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Best Stargazing Spots in the South East

14th October 2020

With November to March officially marked as the best season to stargaze in the UK, at least there’s one advantage to the clocks going back at this time of year. With a rise in popular shows such as Stargazing Live and incredible astronomy apps such as SkyView and Star Walk to map out the night sky from your pocket, this fun and free activity is one that the whole family can enjoy. So what are you waiting for, it is time to grab your telescope and head to these top five celestial spots across the south east.

Headley Heath, Surrey

Stargazing Sussex

The well-maintained and relatively flat terrain of Headley Heath is ideal for stargazing, and is popular with many local astronomy groups. A mix of woodland, chalk downland and heathland, Headley Heath has a varied selection of tracks, so you can pick the perfect spot to set up your stargazing gear.

It’s also a Site of Special Scientific Interest (SSSI) known for the diverse and often rare wildlife that can be found there, so while you’re looking to the heavens keep your ears primed for the rustle of a wood mouse or the call of a bat. In the winter months, cattle graze on much of the area, but maps can be found online and in the site car park with details of where they will be.

Getting thereHeadley Common Road, Headley Heath, Surrey. Car park post code is KT18 6NN (opposite the Headley Cricket Club Ground)

Access: Open to the public 24/7 all year round

Plan Your TripHeadley Heath Website

Black Down, West Sussex

Black Down, West Sussex

As the highest point in the South Downs National Park, Black Down is perfect for star spotting. This section of wild countryside is just one of a number of stargazing spots situated in the South Downs, which was awarded Dark Sky status in 2016, marking it as undisturbed from light pollution and especially perfect for watching the skies. Black Down’s landscape of rugged wildflowers and ancient woodland together with the magnificent views have inspired many over the years, notably the poet Tennyson who build his house there in 1869 and is said to have enjoyed long rambles across the open heathland.

Getting thereTennyson's Lane, Haslemere, Surrey. Car park post code is GU27 3BJ.

AccessOpen to the public 24/7 all year round.

Plan Your TripBlack Down National Trust Website

Devil's Dyke, West Sussex

Stargazing Sussex

As the longest, deepest and widest dry valley in the UK, Devil’s Dyke enjoys an unencumbered view of the night sky and a sweeping panorama described by the Romantic painter Constable as 'the grandest view in the world'.

Despite being just five miles north of Brighton, Devil’s Dyke offers the same star-gazing possibilities of a semi-rural property, with spectacular views of the Milky Way on a clear night as well as a truly sensational sunset for those wishing to make the most of their visit.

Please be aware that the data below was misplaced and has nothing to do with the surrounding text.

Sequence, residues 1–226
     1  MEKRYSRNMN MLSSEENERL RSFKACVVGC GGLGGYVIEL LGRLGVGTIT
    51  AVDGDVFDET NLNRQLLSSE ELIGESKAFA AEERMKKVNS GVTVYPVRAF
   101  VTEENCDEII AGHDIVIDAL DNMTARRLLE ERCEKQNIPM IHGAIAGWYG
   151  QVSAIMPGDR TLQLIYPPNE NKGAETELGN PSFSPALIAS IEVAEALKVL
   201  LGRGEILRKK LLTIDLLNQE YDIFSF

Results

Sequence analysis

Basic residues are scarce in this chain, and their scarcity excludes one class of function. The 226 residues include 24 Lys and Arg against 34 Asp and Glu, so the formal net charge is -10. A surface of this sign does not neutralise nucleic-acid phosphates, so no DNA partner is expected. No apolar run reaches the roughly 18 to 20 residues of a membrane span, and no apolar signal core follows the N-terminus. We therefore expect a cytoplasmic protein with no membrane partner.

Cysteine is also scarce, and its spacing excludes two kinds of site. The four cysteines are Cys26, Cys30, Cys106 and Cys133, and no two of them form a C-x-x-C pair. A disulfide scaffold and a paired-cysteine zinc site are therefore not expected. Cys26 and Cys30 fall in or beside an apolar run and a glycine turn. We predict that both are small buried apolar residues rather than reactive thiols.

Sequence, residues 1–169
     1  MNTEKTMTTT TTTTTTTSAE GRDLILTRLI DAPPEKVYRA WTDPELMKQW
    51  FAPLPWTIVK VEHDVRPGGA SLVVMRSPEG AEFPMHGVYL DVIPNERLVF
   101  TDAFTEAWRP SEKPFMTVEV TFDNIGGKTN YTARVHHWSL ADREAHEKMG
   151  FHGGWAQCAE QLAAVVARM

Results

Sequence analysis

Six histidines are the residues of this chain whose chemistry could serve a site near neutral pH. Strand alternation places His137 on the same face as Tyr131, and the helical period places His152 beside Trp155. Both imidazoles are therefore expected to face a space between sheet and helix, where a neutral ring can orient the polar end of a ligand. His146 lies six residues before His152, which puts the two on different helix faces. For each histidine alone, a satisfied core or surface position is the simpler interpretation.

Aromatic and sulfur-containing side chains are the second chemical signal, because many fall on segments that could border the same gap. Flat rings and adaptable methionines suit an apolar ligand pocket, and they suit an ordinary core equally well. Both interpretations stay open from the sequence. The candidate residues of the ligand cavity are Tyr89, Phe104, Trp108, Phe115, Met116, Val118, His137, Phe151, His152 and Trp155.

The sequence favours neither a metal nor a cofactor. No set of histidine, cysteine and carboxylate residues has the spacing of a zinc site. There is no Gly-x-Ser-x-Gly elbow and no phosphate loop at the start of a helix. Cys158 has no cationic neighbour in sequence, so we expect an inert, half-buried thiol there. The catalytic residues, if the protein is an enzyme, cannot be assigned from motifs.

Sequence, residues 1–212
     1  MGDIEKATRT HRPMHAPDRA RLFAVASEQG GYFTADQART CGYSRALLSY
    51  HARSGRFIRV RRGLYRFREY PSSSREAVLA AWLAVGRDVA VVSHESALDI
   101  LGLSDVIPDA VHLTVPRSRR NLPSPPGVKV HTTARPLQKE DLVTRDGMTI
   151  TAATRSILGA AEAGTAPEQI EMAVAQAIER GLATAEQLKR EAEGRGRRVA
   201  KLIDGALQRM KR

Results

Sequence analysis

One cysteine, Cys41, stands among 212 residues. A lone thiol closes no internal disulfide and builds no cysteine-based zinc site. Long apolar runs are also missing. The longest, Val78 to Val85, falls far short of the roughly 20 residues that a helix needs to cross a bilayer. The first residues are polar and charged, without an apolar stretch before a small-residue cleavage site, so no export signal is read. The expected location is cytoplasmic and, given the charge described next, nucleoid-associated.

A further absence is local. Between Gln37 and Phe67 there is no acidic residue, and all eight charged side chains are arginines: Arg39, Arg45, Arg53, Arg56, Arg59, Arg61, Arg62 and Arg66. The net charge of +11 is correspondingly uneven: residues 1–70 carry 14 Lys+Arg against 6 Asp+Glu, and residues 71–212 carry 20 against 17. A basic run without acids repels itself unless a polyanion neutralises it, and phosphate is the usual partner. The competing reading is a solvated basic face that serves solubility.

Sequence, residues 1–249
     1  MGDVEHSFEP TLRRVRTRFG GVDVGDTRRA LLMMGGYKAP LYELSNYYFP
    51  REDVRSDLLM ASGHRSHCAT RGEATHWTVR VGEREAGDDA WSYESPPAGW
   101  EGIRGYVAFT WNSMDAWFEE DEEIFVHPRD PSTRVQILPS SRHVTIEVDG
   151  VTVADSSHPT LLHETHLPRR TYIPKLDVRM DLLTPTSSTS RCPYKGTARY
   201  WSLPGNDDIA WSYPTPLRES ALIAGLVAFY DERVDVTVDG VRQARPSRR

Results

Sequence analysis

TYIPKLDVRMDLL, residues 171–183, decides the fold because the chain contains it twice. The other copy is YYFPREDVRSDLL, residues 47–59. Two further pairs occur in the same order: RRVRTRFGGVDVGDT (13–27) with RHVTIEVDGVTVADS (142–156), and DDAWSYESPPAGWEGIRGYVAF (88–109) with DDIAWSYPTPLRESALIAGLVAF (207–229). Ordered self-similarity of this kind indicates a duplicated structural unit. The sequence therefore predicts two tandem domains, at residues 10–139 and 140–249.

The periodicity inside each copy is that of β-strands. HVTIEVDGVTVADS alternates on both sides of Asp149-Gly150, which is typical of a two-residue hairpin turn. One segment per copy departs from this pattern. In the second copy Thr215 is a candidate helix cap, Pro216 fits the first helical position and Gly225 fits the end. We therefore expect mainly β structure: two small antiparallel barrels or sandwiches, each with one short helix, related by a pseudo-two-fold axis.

Getting thereCar park and start of the Dyke is at BN1 8YJ - Devils Dyke Road, Poynings, Brighton. 

AccessOpen to the public 24/7 all year round.

Plan Your TripDevils Dyke National Trust Website

Grove Park Nature Reserve, London

Stargazing Sussex

Believe it or not, there are several spots in London which escape the worst of the light pollution to offer clear views, one of which is Grove Park Nature Reserve in Lewisham, South East London. The three acre reserve (once frequented by John Griffiths, Science Museum curator and astronomy professor at the Royal Greenwich Observatory) enjoys a relatively secluded location.

Flanked by a community centre, large garden and Hither Green cemetery, this reserve is also just a stone’s throw away from central London. Winner of the Green Flag Award which recognises high quality green spaces managed by community groups in England and Wales, Grove Park reserve provides a peaceful and quiet spot to set your sights skyward.

Getting thereThe reserve is accessed via ‘Railway Children’s Walk’ off Baring Road, Grove Park, Lewisham.

AccessOpen to the public 24/7 all year round.

Plan Your Trip: Grove Park Nature Reserve Website

Iping and Stedham Common, West Sussex

Stargazing Sussex

Iping and Stedham Common is a dedicated 125 hectare nature reserve mostly owned and managed by the Sussex Wildlife trust. It’s one of the last remaining lowland heath areas in the UK, characterised by swathes of heather and moor grass interspersed with patches of sandy soil.

Its position deep in the heart of the South Downs allows for impressive views of the night sky and it often plays host to stargazing events in early spring. Cattle graze on some of the land - further information can be found in the car park.

Getting therePostcode GU29 0PB takes you to the car park, from which there are a selection of footpaths and bridleways. A Sussex Wildlife Trust map can be viewed here.

AccessOpen to the public 24/7 all year round

Plan Your TripIping and Stedham Common Website

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Image credits: Black Down by Mark Nesbitt; Headley Heath by Andy Perry; Devil's Dyke by Chas B; Grove Park; Iping and Stedham Common by Charlesdrakew

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